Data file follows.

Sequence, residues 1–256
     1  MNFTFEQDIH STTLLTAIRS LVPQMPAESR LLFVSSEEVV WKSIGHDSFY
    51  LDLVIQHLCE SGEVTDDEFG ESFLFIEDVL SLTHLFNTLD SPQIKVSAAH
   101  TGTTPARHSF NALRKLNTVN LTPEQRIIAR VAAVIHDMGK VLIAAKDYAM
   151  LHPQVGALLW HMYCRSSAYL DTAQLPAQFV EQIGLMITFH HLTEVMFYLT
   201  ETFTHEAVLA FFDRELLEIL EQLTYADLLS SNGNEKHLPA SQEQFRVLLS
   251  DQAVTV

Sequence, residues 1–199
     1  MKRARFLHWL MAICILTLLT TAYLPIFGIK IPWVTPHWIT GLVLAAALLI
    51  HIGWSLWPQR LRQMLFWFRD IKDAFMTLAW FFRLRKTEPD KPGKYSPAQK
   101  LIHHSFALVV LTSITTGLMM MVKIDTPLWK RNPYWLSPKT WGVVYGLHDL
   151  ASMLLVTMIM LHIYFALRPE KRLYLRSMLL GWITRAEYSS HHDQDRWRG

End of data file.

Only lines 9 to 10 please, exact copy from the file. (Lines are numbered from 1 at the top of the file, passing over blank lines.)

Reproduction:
     1  MKRARFLHWL MAICILTLLT TAYLPIFGIK IPWVTPHWIT GLVLAAALLI
    51  HIGWSLWPQR LRQMLFWFRD IKDAFMTLAW FFRLRKTEPD KPGKYSPAQK